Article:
Commentary: Even if you are in the thick of open enrollment, it’s still the right time to prepare for the Cadillac tax. What’s the big deal about the Cadillac tax?  Well, until very recently, a great way to attract and retain high-caliber employees was to offer the perk of great health insurance. But thanks to the Affordable Care Act, and the so-called Cadillac tax that goes into effect in 2018, employers are going to have to radically rethink their benefits strategies.

The Cadillac tax is a hefty federal tax that will apply to employer-provided health plans that cost more than a certain amount per year. Organizations of all sizes will have to strike a balance between how they reduce their risk of exposure to the Cadillac tax while still providing attractive benefits for employee recruitment and retention.

Also see:How do employers rate wellness programs?

The good news is there are clear-cut options for avoiding the Cadillac tax, as well as ways to proceed without alienating current and future employees. Companies that start preparing now can reduce their tax exposure, resulting in significant savings for employer and employees alike.

The Cadillac tax is a 40% excise tax on high-cost health benefits that exceed $10,200 for an individual and $27,500 for a family. Basically, the tax is 40% on every dollar spent above these thresholds — for large employers, the amount can add up very quickly to negatively impact the organization’s earnings per share.

Also see:Specific steps employers are taking to fend off the Cadillac tax.

The intent of the Cadillac tax is to discourage overuse of care and generate tax revenue to fund the ACA. Although the tax goes into effect in 2018, companies really only have one open enrollment period left to educate employees and engage them in selecting the best health care benefits for their families.

Avoidance options

The reality is that the ACA is an evolving law, so some companies may try to hedge their bets and do nothing to avoid the tax in the hope that it will go away. But with health care costs often being the second largest budget item after payroll, many companies could benefit financially by taking a closer look at their plans — regardless of the tax impact. In fact, the time might be right to encourage employees, many of whom may be over-insured, to be smarter health care consumers and to avoid negative economic consequences in their own coverage choices.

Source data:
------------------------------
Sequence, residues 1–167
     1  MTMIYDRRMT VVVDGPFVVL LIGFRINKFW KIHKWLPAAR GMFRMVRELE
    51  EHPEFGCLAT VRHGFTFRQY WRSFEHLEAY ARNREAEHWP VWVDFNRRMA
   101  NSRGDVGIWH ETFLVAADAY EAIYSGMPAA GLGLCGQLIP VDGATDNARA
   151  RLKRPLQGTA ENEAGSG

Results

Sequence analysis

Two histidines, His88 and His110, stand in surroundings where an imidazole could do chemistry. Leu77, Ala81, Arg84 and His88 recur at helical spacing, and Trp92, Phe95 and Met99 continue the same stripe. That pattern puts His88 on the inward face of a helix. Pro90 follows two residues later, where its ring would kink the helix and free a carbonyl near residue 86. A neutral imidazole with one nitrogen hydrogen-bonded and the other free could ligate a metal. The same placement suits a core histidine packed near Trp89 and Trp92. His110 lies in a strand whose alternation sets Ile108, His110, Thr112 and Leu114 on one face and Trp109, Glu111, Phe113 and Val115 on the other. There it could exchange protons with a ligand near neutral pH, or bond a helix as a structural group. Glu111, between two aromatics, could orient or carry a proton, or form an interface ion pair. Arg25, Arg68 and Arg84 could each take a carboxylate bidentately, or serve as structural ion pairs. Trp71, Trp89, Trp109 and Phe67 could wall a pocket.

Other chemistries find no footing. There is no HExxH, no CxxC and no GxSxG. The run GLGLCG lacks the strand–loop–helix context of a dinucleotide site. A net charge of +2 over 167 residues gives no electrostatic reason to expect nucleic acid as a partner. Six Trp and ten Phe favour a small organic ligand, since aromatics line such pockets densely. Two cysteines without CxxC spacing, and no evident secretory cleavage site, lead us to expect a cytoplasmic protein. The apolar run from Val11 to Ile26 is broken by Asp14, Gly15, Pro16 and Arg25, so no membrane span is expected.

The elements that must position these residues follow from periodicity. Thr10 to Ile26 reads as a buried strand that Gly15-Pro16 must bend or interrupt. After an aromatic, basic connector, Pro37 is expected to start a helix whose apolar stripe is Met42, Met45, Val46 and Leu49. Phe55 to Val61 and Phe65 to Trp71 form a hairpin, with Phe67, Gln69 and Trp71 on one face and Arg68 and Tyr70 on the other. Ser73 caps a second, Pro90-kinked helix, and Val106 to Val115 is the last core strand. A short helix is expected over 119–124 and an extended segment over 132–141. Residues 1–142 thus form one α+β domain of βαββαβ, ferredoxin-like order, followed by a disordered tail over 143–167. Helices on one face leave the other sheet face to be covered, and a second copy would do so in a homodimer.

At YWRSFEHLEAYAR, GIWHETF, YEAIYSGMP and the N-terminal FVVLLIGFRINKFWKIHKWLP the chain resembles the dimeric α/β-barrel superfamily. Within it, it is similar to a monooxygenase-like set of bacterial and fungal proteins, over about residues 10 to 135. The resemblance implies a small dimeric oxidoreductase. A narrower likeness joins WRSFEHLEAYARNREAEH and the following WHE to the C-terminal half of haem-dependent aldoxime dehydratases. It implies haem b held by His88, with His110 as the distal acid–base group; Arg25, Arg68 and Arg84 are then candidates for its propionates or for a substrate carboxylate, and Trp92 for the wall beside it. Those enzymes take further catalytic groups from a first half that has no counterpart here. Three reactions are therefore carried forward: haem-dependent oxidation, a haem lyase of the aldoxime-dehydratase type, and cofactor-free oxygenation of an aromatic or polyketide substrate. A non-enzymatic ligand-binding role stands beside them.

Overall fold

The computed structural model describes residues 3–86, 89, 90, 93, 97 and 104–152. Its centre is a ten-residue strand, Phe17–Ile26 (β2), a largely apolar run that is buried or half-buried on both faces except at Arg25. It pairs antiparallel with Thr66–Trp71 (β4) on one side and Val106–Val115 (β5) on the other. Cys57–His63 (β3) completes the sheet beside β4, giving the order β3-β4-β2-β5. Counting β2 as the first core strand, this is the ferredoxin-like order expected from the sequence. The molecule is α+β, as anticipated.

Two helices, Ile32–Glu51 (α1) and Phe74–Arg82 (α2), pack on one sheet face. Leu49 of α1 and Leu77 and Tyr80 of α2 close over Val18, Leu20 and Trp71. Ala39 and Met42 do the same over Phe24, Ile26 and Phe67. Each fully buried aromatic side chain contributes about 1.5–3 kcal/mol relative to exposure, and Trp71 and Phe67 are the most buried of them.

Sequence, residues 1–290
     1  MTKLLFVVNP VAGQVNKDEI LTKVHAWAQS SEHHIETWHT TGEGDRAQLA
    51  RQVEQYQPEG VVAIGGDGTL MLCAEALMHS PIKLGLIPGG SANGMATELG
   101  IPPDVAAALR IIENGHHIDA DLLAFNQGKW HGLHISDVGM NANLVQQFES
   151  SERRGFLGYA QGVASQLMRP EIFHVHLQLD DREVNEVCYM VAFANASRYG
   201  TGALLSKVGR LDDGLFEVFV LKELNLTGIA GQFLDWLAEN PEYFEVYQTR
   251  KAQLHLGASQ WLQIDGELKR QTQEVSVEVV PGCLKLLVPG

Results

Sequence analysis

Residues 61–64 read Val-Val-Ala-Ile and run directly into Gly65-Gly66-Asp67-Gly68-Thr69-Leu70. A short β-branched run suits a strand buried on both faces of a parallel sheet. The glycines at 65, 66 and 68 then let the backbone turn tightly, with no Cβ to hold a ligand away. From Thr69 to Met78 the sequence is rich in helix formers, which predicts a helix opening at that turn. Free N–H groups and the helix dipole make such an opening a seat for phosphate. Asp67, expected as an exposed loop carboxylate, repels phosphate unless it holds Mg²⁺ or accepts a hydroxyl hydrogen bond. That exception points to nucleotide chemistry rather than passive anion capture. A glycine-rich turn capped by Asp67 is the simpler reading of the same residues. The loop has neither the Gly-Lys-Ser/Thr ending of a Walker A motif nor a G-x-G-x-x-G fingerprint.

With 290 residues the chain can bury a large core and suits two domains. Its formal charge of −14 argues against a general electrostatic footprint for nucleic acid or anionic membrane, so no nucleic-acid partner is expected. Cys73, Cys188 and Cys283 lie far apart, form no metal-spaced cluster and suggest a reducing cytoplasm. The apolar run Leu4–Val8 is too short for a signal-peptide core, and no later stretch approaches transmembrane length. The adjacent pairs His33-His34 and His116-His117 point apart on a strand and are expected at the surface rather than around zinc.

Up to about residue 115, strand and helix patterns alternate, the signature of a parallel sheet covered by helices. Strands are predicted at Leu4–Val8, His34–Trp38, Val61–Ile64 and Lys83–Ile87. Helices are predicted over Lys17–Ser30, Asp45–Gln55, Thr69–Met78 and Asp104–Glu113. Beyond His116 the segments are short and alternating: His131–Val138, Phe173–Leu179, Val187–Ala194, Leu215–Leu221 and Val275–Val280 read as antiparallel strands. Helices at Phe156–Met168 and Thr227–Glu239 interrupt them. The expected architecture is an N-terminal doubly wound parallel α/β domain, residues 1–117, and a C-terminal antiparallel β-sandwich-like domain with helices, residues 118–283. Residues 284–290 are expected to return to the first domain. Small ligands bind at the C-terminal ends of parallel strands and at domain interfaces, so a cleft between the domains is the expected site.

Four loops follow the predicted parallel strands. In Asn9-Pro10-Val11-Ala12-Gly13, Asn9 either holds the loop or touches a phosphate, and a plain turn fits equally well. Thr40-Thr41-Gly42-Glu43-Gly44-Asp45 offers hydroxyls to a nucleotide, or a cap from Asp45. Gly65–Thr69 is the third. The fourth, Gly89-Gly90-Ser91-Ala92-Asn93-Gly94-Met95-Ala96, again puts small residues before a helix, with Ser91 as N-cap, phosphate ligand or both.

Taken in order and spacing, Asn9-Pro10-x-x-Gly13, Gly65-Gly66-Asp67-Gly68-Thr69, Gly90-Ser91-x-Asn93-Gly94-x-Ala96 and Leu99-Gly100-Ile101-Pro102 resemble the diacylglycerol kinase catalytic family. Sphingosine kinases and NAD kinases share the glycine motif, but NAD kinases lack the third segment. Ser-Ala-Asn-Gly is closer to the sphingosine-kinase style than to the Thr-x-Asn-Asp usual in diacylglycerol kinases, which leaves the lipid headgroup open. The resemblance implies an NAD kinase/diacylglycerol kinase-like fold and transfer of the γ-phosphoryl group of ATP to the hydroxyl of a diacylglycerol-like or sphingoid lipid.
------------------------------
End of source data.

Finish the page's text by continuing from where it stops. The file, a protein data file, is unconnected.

Also see:Why the middle market will drive private exchange growth.

What’s more, the Cadillac tax is tied to an inflation benchmark that will increase at a slower rate than medical inflation. So, even if current plans will not trigger the tax, employers could be at risk of exposure in the near future. Thanks to rising medical costs, more plans may be deemed “high-cost health plans” faster than employers may expect.

What’s an employer to do? Some companies have looked at avoiding the Cadillac tax by dropping employee coverage, reducing the value of health plans and/or restricting spousal coverage. But all of these options are likely to drive away current and future employees.

Other employers have opted to tweak their health plans with smaller health care networks, value-based health plans and medical tourism. While these options have different pros and cons, a big consideration is whether the changes will be enough to mitigate the long-term risk of exposure to the Cadillac tax.

Also see:Why CDHPs should be carved out from Cadillac tax.

Our recommendation is for employers to offer a consumer-directed health plan.Also known as high-deductible health plans, CDHPs can bring down health plan costs to address Cadillac tax concerns while still delivering quality care. These plans do require employees to pay more expenses out of pocket before insurance coverage kicks in, but they also have the potential to deliver a significant tax advantage that comes with the health savings accounts associated with this type of plan.

CDHPs are still a relatively new arrival on the health insurance landscape, so it’s important to educate employees on the how to use this type of plan to their greatest benefit. In fact, many employers might want to offer CHDPs as part of a menu of insurance options rather than as a full-replacement plan.

Moving forward

Employers can reduce a lot of turmoil by taking a phased approach to Cadillac tax avoidance. First, CFOs can determine their specific organization’s risk of exposure to the Cadillac tax. Then, they can work with HR teams to identify plans that will have the greatest economic benefit for the organization while still satisfying employees. To calculate the risk of exposure to the Cadillac tax, CFOs can:

  • Calculate the total cost of employee health plans to determine whether any plan goes above the pay-or-play thresholds, including premiums paid by employers and employees as well as other costs, such as employee assistance plans. Pay-or- play requires employers with 50 or more full-time employees to offer minimum essential coverage to “substantially all full-time employees or dependents” or risk being fined $2,000 per employee per year.
  • Calculate the tax liability associated with any plan that exceeds the threshold. The tax payment will be 40% of any plan costs that exceed the threshold.

To cultivate employee support, benefit and HR teams should be prepared to educate employees about the merits of different plans. For example, employees might not realize that CDHPs enable them to save tax-free for health care expenses or that there are investment opportunities associated with HSAs. A little education can go a long way in encouraging a move to lower-cost plans.
Scott Van Horn is the vice president of client services at Tango, a benefits administration and software company, where he manages all client-facing operations, including implementation, account management, and client service. 

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